Braves: Will Smith needs to become the player who received $40 million this offseason

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Another game and yet another short outing by a Braves’ starting pitcher on Monday, as Touki Toussaint walked off the mound after just 2.2 innings, allowing eight runs (five earned). 

Fortunately, and that’s a colossal understatement at this point, the Braves’ bullpen has been solid in 2020, entering Thursday’s game with a combined 3.41 ERA (second-best in the NL and third-best in MLB). 

There’s currently a ton of pressure on Atlanta’s offense, but perhaps even more on the bullpen, as the team tries to finish up the final month of the regular season on top of the NL East (for the third-straight season, by the way). 

We examined right-handed reliever Luke Jackson last week, but now let’s look at lefty Will Smith — another piece of the bullpen not exactly having his best season after signing a three-year, $39 million contract last November. Like our profile regarding Jackson, we’ll look at what’s holding Smith back so far in 2020 and discuss what he needs to improve upon to get back to being a primary contributor.


Bring Back The Heat

Now 31-years-old, and currently into his eighth season as a big-league reliever, Smith has revamped his repertoire over the last several seasons, basically doing a 180-degree flip when it comes to the usage of his four-seamer and slider. Once a heavy user of the four-seamer, with his sinker, slider, and curve following far behind as more or less keep-them-honest offerings, Smith now throws his slider more than any other pitch in his arsenal (at 49.4%). 

But — and I say this while being plenty aware of just how dominant his slide-piece has been — maybe he shouldn’t…?

Sure, opposing batters hit just .124 against Smith’s slider in 2019, making it the major’s second-best, per FanGraphs‘ Pitch Value; however, that was last season. So far in 2020 (evidently the year of craziness), though, Smith’s slider is getting pummeled to the tune of a 1.077 SLG%, including a hard 94.1 mph average exit velocity. And all the while… his fastball has simply been terrific, limiting opposing batters to a .111 AVG. 

Now don’t get me wrong, Smith’s slider is still a go-to pitch for swings and misses (currently generating a ridiculous whiff-rate of 60%), but there’s simply no in-between right now. It’s either swing and miss for a strike… or it’s getting hammered. 

Without knowing exactly what he’s doing differently with the pitch, it’s difficult to say with certainty what the issue is with Smith’s slider this season. But according to Statcast, he’s lost about three inches of vertical break and three inches of horizontal movement, which could very well be the problem here. Regardless, until he or someone in the Braves organization can figure it out, perhaps it’s time to start leaning on that mid-90s mph fastball a bit more. 


Start Getting Ahead

Like Jackson, Smith is also struggling to get ahead of opposing batters this season, currently throwing a first-pitch strike at just a 48.9% clip — a whopping 13.8% below his career average (the MLB average is 60.6%). 

Unlike Jackson, this could be a very significant problem for Smith, given just how consistent he’s always been at getting to 0-1 during his career. 

Think about it. One of the filthiest pitches in your arsenal, which allowed you to absolutely dominate last season (and in previous seasons) — just isn’t getting the job done. Now compound that with starting behind in the count almost half of the time. That’s tough to overcome, no matter how good of a reliever you are.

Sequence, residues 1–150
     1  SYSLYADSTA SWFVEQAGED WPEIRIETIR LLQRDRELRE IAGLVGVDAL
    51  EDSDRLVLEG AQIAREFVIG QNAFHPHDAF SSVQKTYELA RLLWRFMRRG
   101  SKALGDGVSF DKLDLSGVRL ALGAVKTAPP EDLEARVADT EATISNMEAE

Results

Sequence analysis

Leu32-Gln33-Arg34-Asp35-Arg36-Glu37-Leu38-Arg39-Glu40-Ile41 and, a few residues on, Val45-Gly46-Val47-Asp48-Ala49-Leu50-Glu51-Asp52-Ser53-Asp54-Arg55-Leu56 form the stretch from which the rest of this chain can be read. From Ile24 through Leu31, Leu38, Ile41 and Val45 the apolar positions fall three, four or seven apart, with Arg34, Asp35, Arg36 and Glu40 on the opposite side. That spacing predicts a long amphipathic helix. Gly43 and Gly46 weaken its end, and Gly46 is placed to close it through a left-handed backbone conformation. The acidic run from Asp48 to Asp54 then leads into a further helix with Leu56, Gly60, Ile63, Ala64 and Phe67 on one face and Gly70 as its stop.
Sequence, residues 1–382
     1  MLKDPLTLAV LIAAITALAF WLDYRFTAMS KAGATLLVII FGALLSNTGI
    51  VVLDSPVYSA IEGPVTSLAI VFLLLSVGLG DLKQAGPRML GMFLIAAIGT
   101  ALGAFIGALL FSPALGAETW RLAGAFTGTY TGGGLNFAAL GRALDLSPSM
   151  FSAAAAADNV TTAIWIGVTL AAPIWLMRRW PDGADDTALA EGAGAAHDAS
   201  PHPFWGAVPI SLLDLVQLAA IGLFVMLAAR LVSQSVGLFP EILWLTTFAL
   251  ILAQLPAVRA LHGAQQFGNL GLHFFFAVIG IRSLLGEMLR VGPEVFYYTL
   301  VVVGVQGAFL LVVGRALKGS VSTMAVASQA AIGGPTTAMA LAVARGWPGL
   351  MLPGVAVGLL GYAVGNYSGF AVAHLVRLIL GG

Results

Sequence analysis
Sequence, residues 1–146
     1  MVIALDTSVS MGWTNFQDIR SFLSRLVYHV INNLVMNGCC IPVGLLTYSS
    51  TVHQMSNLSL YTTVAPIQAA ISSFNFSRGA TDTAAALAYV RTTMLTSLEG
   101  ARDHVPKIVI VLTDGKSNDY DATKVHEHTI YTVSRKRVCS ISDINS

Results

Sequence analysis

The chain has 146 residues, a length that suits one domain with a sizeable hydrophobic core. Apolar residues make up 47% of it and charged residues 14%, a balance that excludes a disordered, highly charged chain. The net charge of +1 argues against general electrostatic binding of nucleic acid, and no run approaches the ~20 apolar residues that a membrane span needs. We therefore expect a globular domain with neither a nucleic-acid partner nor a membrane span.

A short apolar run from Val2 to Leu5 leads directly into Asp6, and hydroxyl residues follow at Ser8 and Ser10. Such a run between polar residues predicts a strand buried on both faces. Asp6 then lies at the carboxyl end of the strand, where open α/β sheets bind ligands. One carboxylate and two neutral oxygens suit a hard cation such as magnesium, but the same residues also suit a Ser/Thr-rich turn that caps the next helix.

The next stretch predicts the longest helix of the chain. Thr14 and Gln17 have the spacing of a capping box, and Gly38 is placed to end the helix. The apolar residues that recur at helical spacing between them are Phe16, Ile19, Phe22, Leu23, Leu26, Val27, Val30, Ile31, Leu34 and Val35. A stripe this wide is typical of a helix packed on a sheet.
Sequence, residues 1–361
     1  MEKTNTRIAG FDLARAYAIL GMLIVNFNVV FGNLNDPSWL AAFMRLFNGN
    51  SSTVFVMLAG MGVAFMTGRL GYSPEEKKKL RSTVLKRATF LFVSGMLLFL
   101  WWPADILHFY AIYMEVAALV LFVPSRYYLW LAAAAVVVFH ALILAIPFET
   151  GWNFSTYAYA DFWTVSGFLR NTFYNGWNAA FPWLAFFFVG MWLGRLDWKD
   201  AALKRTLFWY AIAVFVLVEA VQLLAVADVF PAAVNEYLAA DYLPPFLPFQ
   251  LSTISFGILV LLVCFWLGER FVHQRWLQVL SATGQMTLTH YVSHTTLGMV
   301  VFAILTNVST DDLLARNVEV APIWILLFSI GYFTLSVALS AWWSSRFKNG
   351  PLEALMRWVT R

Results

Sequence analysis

Avoid The Barrel of Bats

Bringing up Jackson again from earlier, one thing that appears to be his saving grace is that he’s still doing a fantastic job of avoiding the sweet spot of opposing hitter’s bats, currently maintaining one of the major’s best Barrel%. 

Smith hasn’t been so fortunate…

Entering Thursday’s game, opposing batters are barreling up Smith’s pitches at a rate of 19.2% — almost 13.5% more frequently than his career norm (5.8%). Obviously, all of those barrels are resulting in a ton of hard contact, and if Smith’s innings total actually qualified, his current 50% HardHit% would be one of the five-highest hard-hit rates in all of baseball

So it’s going to take him walking that fine line that virtually all pitchers try to walk: try to get ahead in the count but do so without hanging around the strike zone too much, especially the heart of the plate (where batters can square up the ball). It doesn’t help either that Smith’s generating the lowest chase-rate of his career (29.1%), giving him very little wiggle room to work with. But hopefully, he can at least remedy his problems with first-pitch strikes. 

I’ll admit, I’m a little more concerned about Smith than I am Jackson. The former’s last five appearances have featured five runs in 5.1 innings, including four home runs. 

And what’s even more worrisome is the fact that all of Smith’s struggles so far have come primarily during low-leverage situations (consuming 4.1 of his 9.2 innings in 2020). The Braves didn’t hand out $40 million to pitch him in blowouts or during early-game leads. Smith was signed to hold games in the late-innings, get the team out of jams, and even convert saves from time to time. He’s going to have to figure out a way to return to his 2019 form, and fast, as the Braves play out the final month of the regular season.

However, we’re still talking about less than 10 innings. The sample size is still ridiculously small, and given the circumstances of the 2020 season along with the fact that Smith dealt with a COVID infection, perhaps it’s still way too early to panic. He will most likely be fine, but one thing’s for sure… he better turn it around for the playoffs 



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